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Kiambu targets to collect Sh8 billion revenue locally in new financial year

 Kiambu Governor Kimani Wamatangi when appeared before the Senate Health Committee at County Hall in Nairobi on November 8, 2022. [Elvis Ogina, Standard]

The county government of Kiambu is hoping to collect close to Sh8 billion in revenue locally in the next financial year.

This will be the largest Own Source Revenue (OSR) target for a county which has been grappling with underperformance in local revenue mobilisation since the advent of devolution.

OSR refers to the funds generated by the county through various sources such as taxes, fees, licenses, and other income-generating activities.

The poor revenue collection has been attributed to weak systems prone to manipulation, theft by unscrupulous revenue officers and top county officials, and failure to exploit available revenue streams.

According to the projections now before the county assembly, Governor Kimani Wamatangi has proposed a budget of Sh21 billion for the 2023/2024 fiscal year.

The Sh7.9 billion local revenue target, which presents almost a 100 per cent increment from the current financial year of Sh4.1 billion, will be realised without increasing the existing license fees and levies, the documents show.

The 2022/2023 budget was Sh16.4 billion.

Public participation

Over the last two weeks, the County Assembly Committee on Budget has been conducting public participation sessions to educate residents and gather their views on the proposed 2023/2024 budget.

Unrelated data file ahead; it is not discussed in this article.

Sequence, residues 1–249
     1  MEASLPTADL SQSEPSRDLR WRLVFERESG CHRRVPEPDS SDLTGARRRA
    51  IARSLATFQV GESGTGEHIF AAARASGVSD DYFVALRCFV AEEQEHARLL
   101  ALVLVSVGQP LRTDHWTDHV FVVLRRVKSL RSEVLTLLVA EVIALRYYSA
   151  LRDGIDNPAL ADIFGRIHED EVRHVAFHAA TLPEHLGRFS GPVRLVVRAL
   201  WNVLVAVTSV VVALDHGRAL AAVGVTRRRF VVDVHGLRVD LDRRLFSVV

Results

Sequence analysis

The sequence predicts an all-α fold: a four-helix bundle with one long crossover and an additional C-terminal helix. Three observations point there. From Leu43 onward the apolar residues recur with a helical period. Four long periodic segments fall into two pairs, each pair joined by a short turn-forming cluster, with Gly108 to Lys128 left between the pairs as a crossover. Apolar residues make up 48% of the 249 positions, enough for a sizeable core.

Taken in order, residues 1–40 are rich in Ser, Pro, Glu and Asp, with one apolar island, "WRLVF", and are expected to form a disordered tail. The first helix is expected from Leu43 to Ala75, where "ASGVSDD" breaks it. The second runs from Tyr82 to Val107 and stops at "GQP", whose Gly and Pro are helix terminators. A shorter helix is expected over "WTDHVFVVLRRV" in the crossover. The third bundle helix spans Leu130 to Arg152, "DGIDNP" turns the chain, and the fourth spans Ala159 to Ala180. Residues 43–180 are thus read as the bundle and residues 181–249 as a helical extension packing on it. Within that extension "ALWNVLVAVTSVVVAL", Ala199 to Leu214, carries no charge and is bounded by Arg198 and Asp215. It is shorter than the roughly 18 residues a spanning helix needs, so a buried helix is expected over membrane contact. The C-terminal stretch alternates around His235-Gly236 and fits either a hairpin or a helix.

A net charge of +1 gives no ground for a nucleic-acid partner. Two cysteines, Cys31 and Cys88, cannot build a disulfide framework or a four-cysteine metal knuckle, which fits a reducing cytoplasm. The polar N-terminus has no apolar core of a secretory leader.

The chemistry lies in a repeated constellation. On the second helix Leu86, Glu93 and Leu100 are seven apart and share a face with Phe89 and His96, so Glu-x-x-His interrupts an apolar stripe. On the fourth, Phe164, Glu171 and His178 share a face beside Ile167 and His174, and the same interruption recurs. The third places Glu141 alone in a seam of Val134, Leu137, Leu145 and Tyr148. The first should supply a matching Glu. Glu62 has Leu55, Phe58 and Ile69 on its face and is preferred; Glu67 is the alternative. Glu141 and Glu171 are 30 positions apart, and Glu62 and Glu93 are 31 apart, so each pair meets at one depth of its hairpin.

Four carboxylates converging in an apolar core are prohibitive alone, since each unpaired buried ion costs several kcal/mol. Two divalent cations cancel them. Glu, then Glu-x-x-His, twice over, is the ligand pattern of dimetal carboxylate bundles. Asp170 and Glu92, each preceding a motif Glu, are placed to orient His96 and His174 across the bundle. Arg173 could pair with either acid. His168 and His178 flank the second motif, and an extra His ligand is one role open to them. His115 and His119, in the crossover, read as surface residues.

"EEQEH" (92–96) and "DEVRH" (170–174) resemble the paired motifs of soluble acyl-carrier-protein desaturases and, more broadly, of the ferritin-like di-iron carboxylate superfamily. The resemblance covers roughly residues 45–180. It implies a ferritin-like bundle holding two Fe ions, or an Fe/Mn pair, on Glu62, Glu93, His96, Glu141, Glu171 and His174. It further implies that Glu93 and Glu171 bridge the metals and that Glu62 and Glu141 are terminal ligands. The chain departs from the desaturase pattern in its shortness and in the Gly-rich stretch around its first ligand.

Besides the local revenue mobilisation, the county is hoping to receive Sh13 billion, as an equitable share, from the national government. The rest of the budget will be funded by other partners, including the World Bank.

The Executive is also banking on an Enterprise Resource System (ERP), a holistic system that covers the management of finances in all the sectors such as hospital management, building approvals, business permits and other revenue charges while exploring more revenue streams.

“I have embarked on a deliberate mission to ensure prudence, not only on the expenditure but also on the collection of our revenue. For impactful development, Kiambu County can no longer rely only on the exchequer. It is for this reason that my administration is installing an enterprise resource planning system,” Wamatangi said.

Counties collect revenue from several streams, as guided by the respective Finance Acts and Bills. These include property rates, building permits, agricultural transportation fees, business licenses, liquor licensing fees, vehicle parking fees, hospital fees and public health services.

Outdoor advertising, county housing rent, fines, penalties, and forfeitures, environment and conservancy administration fees, game reserve fees and game reserve fees are other sources.


An aerial view of Ruaka town in Kiambu County. [Wilberforce Okwiri, Standard]

“With such mechanisms of accountability and systems, I envisage a two or three-fold increase in our revenue. To this effect, I have set to collect about Sh7.9 billion in the next financial year which will be achieved without increasing the existing license fees and levies,” Wamatangi said.